Analysis of tissue biomarkers expressed in ovarian cancer samples
Men with facial scars are more attractive to women seeking short-term relationships, scientists at the University of Liverpool have found. It was previously assumed that in Western cultures scarring was an unattractive facial feature and in non-Western cultures they were perceived as a sign of maturity and strength. Scientists at Liverpool and Stirling University, however,
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In a new analysis of tissue biomarkers expressed in ovarian cancer samples, published by PLoS Medicine, David Huntsman and his colleagues from Vancouver General Hospital suggest that substantial differences exist between ovarian cancer subtypes which should be reflected in patient management.
Although ovarian cancer is not the most common gynecologic cancer in women, the disease contributes a substantial burden of mortality in part because symptoms are nonspecific and the disease presents late in its course.
As part of their research, Huntsman and coworkers measured expression levels of 21 proteins in 500 ovarian cancer samples which had been collected by an ovarian cancer registry serving British Columbia, Canada; they then correlated expression of these biomarkers with patient survival data following standardized treatment. Their analyses studied associations between biomarker expression and survival for all cancers grouped together, as well as studying the five major ovarian cancer subtypes separately (high-grade serous, low-grade serous, clear cell, endometrioid, and mucinous carcinomas).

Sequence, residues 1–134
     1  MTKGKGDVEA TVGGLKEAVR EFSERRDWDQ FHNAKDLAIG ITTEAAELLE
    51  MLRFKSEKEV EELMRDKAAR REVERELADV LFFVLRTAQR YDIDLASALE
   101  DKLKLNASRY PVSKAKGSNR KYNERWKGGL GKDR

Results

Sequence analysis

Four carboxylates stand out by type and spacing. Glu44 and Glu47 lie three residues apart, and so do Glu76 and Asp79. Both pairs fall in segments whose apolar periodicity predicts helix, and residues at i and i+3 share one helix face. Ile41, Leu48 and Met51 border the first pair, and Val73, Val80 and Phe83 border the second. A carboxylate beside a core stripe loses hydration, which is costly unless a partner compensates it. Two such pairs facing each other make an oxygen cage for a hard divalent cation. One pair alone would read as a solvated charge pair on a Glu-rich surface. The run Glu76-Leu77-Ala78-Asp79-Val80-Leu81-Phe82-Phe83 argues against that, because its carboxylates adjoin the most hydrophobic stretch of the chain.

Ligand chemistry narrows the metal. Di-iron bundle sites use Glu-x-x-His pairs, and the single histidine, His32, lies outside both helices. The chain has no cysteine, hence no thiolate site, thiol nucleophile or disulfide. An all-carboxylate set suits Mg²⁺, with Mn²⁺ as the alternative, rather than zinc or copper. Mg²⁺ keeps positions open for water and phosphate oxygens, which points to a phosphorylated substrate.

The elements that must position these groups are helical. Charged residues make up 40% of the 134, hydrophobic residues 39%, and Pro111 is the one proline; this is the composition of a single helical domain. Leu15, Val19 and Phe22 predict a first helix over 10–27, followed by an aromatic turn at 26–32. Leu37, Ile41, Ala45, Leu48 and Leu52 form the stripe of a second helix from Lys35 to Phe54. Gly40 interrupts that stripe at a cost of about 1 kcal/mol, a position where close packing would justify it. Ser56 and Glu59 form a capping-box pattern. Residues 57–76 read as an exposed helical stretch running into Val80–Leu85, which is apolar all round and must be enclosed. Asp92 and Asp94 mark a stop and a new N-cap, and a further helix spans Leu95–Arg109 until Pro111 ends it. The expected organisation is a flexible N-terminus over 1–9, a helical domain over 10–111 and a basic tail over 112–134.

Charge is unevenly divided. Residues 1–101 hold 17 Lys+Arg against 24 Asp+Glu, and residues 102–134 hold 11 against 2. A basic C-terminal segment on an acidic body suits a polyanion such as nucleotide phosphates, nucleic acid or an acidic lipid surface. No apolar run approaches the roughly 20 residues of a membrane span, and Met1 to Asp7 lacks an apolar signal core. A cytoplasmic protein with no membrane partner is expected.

Although biomarker expression was stable across disease stages within a given subtype, the associations between specific biomarkers and disease outcome differed substantially between subtypes. As a result, the researchers propose that “our study offers persuasive evidence supporting the view that ovarian carcinoma subtypes are different diseases.”
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